According to the United States Census Bureau, Joshua has a total area of 6.8 square miles (17.6 km2), of which 0.04 sq mi (0.1 km2), or 0.47%, is covered by water.[9] The north side of the city is drained by Village Creek, a tributary of the Trinity River, while the south side is drained by tributaries of East Buffalo Creek, flowing to the Nolan River, part of the Brazos River watershed.

A hill known as Brushy Knob stands to the west of Joshua, at a height of 1,042 feet above mean sea level.[10]


Historical population
U.S. Decennial Census[11][failed verification]
Joshua racial composition as of 2020[2]
(NH = Non-Hispanic)[a]
Race Number Percentage
White (NH) 5,795 73.44%
Black or African American (NH) 131 1.66%
Native American or Alaska Native (NH) 56 0.71%
Asian (NH) 36 0.46%
Pacific Islander (NH) 23 0.29%
Some Other Race (NH) 15 0.19%
Mixed/Multi-Racial (NH) 315 3.99%
Hispanic or Latino 1,520 19.26%
Total 7,891

As of the 2020 United States census, there were 7,891 people, 2,928 households, and 2,066 families residing in the city.


Public education in Joshua is provided by the Joshua Independent School District. The district covers 76.68 square miles (199 km2) and consists of eight campuses.[13]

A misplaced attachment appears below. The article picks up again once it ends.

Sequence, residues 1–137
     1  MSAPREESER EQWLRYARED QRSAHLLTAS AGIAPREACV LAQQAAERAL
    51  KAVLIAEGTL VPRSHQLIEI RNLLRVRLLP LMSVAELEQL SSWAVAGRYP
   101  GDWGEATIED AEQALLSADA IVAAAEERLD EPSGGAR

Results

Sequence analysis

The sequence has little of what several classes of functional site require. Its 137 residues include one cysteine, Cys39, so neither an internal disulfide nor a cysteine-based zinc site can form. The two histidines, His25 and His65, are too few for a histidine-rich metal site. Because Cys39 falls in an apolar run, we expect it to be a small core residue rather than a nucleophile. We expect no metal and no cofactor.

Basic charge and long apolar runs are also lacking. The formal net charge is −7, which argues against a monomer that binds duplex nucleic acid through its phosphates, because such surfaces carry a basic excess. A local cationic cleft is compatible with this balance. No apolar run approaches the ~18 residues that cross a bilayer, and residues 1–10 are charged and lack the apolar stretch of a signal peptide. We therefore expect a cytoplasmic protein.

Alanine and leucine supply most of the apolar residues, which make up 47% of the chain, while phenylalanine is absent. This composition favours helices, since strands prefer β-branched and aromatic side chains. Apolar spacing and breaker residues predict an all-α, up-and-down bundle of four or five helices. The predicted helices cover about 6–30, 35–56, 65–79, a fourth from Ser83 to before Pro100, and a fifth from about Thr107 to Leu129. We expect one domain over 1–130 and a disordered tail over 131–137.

1. ^ "2019 U.S. Gazetteer Files". United States Census Bureau. Retrieved August 7, 2020.
  2. ^ a b c d "Explore Census Data". data.census.gov. Retrieved May 22, 2022.
  3. ^ "U.S. Census website". United States Census Bureau. Retrieved January 31, 2008.
  4. ^ "US Board on Geographic Names". United States Geological Survey. October 25, 2007. Retrieved January 31, 2008.
  5. ^ Johnson County History Book Committee, History of Johnson County, Texas (Dallas: Curtis Media, 1985)
  6. ^ Joshua Historical Committee, Joshua: As It Was and Is (Cleburne, Texas, 1977)
  7. ^ Lisa C. Maxwell, "Joshua", Handbook of Texas Online, [1] (accessed July 16, 2006), copyright © Texas State Historical Association]
  8. ^ Strube, Sylvia (September 2008). "Obituary". Cleburne, Tx: Cleburne Times Review. Archived from the original on January 20, 2013. Retrieved December 11, 2012.
  9. ^ "Geographic Identifiers: 2010 Census Summary File 1 (G001): Joshua city, Texas". American Factfinder. U.S. Census Bureau. Archived from the original on February 13, 2020. Retrieved December 24, 2018.
  10. ^ "TSHA | Brushy Knob (Johnson County)". www.tshaonline.org. Retrieved June 18, 2021.
  11. ^ "Census of Population and Housing". Census.gov. Retrieved June 4, 2015.
  12. ^ "About the Hispanic Population and its Origin". www.census.gov. Retrieved May 18, 2022.
  13. ^ Joshua ISD Attendance Zone Map Archived 2012-03-21 at the Wayback MachineJoshua Independent School District. Retrieved 6 May 2009.
  1. ^ Note: the US Census treats Hispanic/Latino as an ethnic category. This table excludes Latinos from the racial categories and assigns them to a separate category. Hispanics/Latinos can be of any race.[12]

External links[edit]